Halliburton Offers Strong Business Prospects

| About: Halliburton Company (HAL)
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Edited By Adam Isaac

Halliburton (NYSE:HAL) is one of the world's leading suppliers of products and services to the energy industry. The firm has more than 70,000 employees in about 80 countries. It primarily serves the upstream oil and gas industry during the lifecycle of the reservoir. Over time, Halliburton has integrated its services into a single solution. Thanks to this policy, customers can obtain increased well performance, and reduce nonproductive time, by standardizing with Halliburton's services rather than combining services from several service providers.

The company has two divisions: Drilling and Production. At the end of last year, these two divisions contributed roughly 25.0 billion dollars in revenues. Halliburton is one of the three largest global oilfield service firms, based on total revenues, competing closely with Schlumberger Ltd (NYSE:SLB) and Baker Hughes (BHI).

Stock Performance:

HAL Chart

HAL data by YCharts

Halliburton stock is rising after a recent slump and is currently trading at about $36. The stock has an extremely attractive P/E ratio of 10.6, while the industry P/E ratio stands at 17.2. The stock is also cheaper as compared to the industry average P/S and revenue growth metrics. HAL has P/S ratio of 1.2 as compared to the industry average of 1.6. Revenue growth of 10.8% also outperforms the industry average of 5.4%.

Recovering Business:

Halliburton has gained recently from the growing demand in the North American pressure-pumping market, where the company is the market leader. This market has accounted for an uneven share of Halliburton's expansion in revenues over the past two years. This market has been driven by significantly increased use of new hydraulic fracturing technology to utilize oil and gas shale deposits. However, key players in the hydraulic fracturing industry have been spending more to increase their pressure pumping capacity.

Given the low natural gas prices, exploration and production division customers are experiencing a quick swing towards oil directed drilling. This is an encouraging long range development for Halliburton because oil drilling entails a more rigorous use of hydraulic fracturing than natural gas drilling. However, recovery in Halliburton's international markets has fallen behind in North America, although trends have varied widely by country.

Financial Highlights:

Halliburton's overall financial performance has been incredibly strong. Revenues for the firm increased 38% in 2011 in contrast with 2010 and by an additional 30% in the first quarter of the current year compared with the same period in the previous year. The firm recorded an adjusted EBITDA of $6.9 billion at the end of March this year, up from $4.8 billion during the previous year. Due to the recent recovery in the business, profitability and cash flow in 2012 will improve. Halliburton is profiting from management's focus on improving operating efficiency, together with working capital management.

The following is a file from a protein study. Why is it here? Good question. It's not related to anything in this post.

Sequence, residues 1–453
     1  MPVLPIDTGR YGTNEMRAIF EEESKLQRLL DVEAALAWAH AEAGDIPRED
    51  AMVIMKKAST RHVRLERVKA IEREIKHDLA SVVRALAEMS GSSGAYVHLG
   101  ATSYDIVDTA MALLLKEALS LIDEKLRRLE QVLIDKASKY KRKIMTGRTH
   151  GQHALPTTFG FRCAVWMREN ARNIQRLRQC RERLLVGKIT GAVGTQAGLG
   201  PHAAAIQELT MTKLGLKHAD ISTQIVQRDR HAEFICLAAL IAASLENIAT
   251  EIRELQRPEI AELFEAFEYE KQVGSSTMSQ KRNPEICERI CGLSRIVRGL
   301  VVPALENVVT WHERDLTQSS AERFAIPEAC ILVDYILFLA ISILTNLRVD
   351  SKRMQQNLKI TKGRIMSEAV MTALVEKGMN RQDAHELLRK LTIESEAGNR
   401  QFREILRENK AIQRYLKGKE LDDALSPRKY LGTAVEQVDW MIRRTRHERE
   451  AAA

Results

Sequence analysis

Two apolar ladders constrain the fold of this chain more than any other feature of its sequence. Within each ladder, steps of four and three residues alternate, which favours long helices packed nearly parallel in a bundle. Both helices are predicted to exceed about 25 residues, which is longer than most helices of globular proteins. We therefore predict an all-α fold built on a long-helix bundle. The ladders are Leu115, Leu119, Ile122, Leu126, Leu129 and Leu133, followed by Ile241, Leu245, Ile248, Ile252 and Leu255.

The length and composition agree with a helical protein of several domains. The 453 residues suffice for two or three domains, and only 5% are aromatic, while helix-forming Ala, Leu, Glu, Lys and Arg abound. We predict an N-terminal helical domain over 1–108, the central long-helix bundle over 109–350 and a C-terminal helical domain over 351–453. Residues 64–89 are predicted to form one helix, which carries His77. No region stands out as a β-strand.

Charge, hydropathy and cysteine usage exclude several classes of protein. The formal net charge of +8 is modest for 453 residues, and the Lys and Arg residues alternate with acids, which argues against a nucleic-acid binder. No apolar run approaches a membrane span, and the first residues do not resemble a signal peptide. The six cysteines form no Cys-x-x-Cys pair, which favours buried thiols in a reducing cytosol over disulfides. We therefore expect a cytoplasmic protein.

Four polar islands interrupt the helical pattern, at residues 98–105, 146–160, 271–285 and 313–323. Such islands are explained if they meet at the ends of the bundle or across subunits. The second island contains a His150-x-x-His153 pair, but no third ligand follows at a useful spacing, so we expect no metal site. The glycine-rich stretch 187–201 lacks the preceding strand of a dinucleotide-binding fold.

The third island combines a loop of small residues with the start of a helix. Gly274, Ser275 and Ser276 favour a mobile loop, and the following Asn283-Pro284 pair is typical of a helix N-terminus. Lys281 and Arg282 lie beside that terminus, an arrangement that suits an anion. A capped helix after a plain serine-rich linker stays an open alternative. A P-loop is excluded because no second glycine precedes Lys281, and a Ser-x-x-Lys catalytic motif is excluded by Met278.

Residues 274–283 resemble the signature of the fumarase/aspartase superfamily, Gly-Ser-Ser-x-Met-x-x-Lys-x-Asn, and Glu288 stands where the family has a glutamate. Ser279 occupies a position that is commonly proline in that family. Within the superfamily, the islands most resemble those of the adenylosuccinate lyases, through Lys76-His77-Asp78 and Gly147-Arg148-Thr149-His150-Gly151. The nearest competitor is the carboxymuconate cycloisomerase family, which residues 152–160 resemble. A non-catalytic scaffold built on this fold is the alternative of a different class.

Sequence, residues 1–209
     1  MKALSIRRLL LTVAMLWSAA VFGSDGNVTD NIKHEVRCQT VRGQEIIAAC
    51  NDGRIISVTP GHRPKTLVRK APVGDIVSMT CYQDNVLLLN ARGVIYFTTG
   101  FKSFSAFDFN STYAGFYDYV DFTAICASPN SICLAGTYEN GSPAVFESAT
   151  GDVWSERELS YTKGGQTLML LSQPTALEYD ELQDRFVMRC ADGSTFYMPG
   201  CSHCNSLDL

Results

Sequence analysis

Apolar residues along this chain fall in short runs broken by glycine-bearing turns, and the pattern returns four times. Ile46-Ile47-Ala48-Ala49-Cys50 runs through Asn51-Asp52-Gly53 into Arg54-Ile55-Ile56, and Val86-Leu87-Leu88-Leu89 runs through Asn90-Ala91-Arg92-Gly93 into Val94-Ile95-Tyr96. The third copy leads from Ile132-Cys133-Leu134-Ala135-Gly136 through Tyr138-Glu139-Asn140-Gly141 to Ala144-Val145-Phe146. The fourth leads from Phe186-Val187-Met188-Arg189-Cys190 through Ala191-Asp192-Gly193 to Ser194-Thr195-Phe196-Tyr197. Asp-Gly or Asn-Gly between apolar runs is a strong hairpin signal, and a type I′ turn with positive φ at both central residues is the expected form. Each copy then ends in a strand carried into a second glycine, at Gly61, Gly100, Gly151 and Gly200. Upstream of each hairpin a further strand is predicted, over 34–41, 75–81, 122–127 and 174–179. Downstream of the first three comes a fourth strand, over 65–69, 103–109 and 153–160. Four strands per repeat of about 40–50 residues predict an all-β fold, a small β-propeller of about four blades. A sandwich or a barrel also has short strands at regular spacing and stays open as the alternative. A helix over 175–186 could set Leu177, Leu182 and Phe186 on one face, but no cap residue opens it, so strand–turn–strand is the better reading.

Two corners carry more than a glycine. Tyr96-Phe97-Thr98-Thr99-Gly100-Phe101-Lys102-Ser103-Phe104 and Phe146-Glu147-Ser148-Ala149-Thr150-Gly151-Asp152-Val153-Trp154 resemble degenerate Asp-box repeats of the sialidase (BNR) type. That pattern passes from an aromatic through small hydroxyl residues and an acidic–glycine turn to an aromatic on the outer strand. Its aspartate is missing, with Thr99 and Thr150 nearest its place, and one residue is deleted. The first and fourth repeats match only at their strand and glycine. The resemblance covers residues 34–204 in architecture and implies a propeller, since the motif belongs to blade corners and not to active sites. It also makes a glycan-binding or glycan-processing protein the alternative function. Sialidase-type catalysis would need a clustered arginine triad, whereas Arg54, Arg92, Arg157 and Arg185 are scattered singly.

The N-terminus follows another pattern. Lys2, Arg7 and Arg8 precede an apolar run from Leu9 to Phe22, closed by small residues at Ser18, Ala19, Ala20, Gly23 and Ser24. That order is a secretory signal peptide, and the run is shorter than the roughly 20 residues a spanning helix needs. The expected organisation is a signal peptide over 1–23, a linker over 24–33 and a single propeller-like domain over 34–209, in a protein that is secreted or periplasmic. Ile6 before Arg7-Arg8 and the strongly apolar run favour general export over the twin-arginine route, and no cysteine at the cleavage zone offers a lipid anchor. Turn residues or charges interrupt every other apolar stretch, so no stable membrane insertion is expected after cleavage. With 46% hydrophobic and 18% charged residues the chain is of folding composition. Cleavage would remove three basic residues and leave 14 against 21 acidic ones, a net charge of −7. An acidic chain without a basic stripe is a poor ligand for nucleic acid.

In the most recent guidance, the management announced a capital expenditure of between $3.5 and $4 billion for 2012. Halliburton has moderate debt levels, and the total long term debt of the company stands just below $5 billion. Halliburton has strong cash flows. The firm generated cash flows from operations of over $3 billion at the end of the last year. In the most recent earnings report, Halliburton reported cash flow from operations of $1.13 billion and capital expenditures of $1.6 billion. At the end of the second quarter, Halliburton had cash equivalents of $2.1 billion. In addition, Halliburton's liquidity is incredibly strong. The key elements of its liquidity are the cash reserves of $2.1 billion and $100 million of conservatively invested marketable securities.

Additionally, the company also has a revolving credit facility worth $2 billion, which will expire in 2016. None of the long term debt for Halliburton is maturing before 2016, and strong cash flows indicate the firm will be able to meet its capital expenditures.

Peer Comparison:

Baker Hughes and Schlumberger Limited are the biggest competitors for Halliburton.






Baker Hughes













EPS Growth




Operating Margin




Net Margin








Debt to Equity




Source: Morningstar.com

It is evident from the table that the firm beats its competition on almost all the metrics. Halliburton is trading at a lower P/E ratio. The firm has also shown a positive EPS growth trend when the competitors recorded negative EPS growth numbers. In addition, the firm has higher margins, and higher returns on equity compared to its competitors.


Halliburton currently faces potential exposure from its role as a contractor on the Macondo well project that led to the catastrophic oil spill in the Gulf of Mexico. The oil spill is the subject of quite a few continuing government investigations. In addition, the company has been named in about 400 civil suits. However, Halliburton has estimated contingencies of $300 million, and I do not expect the amount to be significantly higher than the estimated amount. Other than that, the business prospects of the firm are strong, and the firm should be able to do well in the coming quarters.

Disclosure: I have no positions in any stocks mentioned, and no plans to initiate any positions within the next 72 hours. I wrote this article myself, and it expresses my own opinions. I am not receiving compensation for it (other than from Seeking Alpha). I have no business relationship with any company whose stock is mentioned in this article.